“I still have it to this day,” Smith said.
Although souvenirs like Smith’s are rare, OSU fans have received items such as T-shirts and bobble heads to commemorate Allie P.’s farewell season. Giveaways during the Baylor series are Allie P. Reynolds Stadium replicas for those who have season tickets, “All-Time All-Allie P. Team” shirts and trading cards. Along with promotional items, OSU icons have contributed to the nostalgia. Individuals including Ward, Pete Incaviglia and members of the 1959 championship team flocked to Stillwater for games, and more former Cowboys are expected to arrive this weekend. Lienhard said Steve Lienhard, his father and a Cowboy pitcher from 1984-87, will return, honoring his senior son and his former stadium.
“There’s gonna be a lot of alumni back, and that’s awesome because they definitely put this place on the map,” Lienhard said.
Allie P. Reynolds Stadium ushered in the Cowboys’ glory days. OSU advanced to the College World Series seven times in the 1980s under Ward. The Cowboys’ ballpark has aged, but some factors are stronger than time. Bryce Carter, a graduate transfer catcher/designated hitter, said during his first and only season at Allie P., he has noticed the constant crowd support.
“In my opinion, it’s the fans that make this place great,” Carter said. “Out of all the parks that I’ve been to, there’s only been a handful of fan bases that have come out and supported like the Cowboy fans do.”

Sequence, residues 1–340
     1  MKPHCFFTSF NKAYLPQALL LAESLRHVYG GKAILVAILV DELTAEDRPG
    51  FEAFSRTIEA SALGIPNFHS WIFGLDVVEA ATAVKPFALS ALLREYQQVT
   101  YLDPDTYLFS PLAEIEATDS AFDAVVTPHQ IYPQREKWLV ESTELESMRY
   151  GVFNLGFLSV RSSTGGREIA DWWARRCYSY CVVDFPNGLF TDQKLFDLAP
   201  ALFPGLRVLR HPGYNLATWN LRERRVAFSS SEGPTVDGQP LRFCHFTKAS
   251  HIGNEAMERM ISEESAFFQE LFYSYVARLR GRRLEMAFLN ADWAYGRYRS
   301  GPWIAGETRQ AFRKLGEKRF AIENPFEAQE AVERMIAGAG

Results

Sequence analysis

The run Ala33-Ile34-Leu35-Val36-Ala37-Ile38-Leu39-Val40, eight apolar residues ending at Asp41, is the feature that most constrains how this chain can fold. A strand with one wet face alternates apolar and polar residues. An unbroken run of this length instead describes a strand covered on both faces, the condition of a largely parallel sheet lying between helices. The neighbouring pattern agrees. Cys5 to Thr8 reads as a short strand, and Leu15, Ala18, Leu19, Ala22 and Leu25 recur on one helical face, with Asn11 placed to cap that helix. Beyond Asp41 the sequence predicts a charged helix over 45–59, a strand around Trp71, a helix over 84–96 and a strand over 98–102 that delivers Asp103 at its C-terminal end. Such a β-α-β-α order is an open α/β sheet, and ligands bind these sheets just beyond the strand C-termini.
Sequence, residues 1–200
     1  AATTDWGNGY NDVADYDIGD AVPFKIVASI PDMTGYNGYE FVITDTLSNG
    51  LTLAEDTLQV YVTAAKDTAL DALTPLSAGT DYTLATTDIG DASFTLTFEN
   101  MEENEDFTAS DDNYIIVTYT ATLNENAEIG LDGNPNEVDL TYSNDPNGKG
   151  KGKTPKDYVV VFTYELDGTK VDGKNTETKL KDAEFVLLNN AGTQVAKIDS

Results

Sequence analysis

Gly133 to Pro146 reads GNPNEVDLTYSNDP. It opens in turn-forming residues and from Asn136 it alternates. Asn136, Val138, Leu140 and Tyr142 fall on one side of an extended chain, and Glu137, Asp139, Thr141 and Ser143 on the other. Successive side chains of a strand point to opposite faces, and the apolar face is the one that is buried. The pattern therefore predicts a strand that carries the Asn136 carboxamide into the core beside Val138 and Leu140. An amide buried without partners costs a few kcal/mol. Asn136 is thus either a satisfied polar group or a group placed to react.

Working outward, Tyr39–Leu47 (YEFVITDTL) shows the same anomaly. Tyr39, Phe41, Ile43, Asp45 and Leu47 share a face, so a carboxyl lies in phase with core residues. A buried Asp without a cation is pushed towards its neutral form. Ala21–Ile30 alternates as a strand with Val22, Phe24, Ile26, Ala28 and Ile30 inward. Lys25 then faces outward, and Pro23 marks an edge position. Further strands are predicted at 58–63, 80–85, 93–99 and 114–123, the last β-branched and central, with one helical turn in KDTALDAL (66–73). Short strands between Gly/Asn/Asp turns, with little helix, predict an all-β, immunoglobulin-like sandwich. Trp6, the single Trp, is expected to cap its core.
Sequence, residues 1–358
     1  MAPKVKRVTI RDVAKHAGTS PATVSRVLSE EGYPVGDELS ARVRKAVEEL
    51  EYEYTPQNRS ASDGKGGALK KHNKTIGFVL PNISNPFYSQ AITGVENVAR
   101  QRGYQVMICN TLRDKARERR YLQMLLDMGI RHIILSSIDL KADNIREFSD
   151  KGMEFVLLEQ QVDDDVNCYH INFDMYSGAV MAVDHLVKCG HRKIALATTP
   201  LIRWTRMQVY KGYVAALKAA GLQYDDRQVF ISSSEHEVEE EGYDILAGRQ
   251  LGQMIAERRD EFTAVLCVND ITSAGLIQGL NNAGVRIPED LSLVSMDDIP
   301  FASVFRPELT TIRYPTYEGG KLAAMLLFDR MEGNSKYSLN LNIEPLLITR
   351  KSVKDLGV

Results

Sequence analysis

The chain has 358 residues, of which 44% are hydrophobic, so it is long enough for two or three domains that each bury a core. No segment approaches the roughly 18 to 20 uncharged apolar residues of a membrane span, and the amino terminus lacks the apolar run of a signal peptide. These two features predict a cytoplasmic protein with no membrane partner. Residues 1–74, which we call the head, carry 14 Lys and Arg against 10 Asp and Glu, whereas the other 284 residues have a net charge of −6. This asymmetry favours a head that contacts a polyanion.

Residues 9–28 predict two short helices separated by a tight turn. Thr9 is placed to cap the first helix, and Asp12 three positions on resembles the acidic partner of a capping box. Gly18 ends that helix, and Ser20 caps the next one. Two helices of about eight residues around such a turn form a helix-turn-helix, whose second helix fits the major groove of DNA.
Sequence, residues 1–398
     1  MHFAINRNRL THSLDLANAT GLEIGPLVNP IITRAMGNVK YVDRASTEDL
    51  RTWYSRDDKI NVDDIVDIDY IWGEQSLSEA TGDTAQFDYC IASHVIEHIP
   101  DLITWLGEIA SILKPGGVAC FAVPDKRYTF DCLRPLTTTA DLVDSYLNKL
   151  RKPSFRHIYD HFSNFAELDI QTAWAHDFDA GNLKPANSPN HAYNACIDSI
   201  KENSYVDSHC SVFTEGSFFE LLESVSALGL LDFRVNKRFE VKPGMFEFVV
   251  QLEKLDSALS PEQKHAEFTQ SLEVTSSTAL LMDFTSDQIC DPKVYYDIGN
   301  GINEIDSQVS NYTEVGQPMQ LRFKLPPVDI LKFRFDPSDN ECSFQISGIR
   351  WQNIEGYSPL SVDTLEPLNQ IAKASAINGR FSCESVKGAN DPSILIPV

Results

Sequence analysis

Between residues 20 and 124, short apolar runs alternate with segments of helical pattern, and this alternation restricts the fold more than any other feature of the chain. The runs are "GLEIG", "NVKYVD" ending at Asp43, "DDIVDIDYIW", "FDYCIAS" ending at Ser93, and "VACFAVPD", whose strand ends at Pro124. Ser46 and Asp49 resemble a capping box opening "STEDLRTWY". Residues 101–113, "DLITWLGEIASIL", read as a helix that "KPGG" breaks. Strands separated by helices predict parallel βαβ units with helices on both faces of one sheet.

Future plans for the soon-empty ballpark haven’t been disclosed. Sports reporter Nathan Ruiz wrote that in a letter to athletic director Mike Holder, Stacey Reynolds-Peterson, Reynolds’ granddaughter, proposed an idea for kids to play in the stadium, continuing its legacy as a place where young athletes thrive.
When the Cowboys finish the Baylor series Saturday, they won’t know whether their time at Allie P. Reynolds Stadium is done. Lienhard said he hopes OSU can do something it hasn’t accomplished in his time as a Cowboy, adding a sweet conclusion to Allie P.’s rich story.
“About the only thing we haven’t really done since I’ve been here is host (an NCAA) regional in this park,” Lienhard said. “So that’s definitely something that we’ve got our eyes on and we’re shooting for, and I definitely think that’ll be the cherry on top to everything.”
Although no one can predetermine the moment it will happen, Allie P.’s story will end soon, signaling the arrival of an era many have awaited.
“It’s just a new beginning,” Heaney said.
The sound of a baseball cracking against a bat will echo in the ballpark for the last time. The last pitch will whizz toward home plate. The scent of the last burgers sold at the concession stand will waft through the air. Fans will rise and sing “Take Me Out to the Ball Game” during the last seventh-inning stretch.
For the last time, Holliday will watch his Cowboys in the place that fed his love for baseball, the place where his dad worked, the place where numerous dreams have morphed into realities.
The memories, like the enthusiasm of the boy who coaxed the ball over the outfield wall for the first time at camp, never leave.
“What I really want to do is capture the essence of this season with this group of players, whatever that is,” Holliday said. “And this will always be part of Oklahoma State; it’ll always be part of all of us.”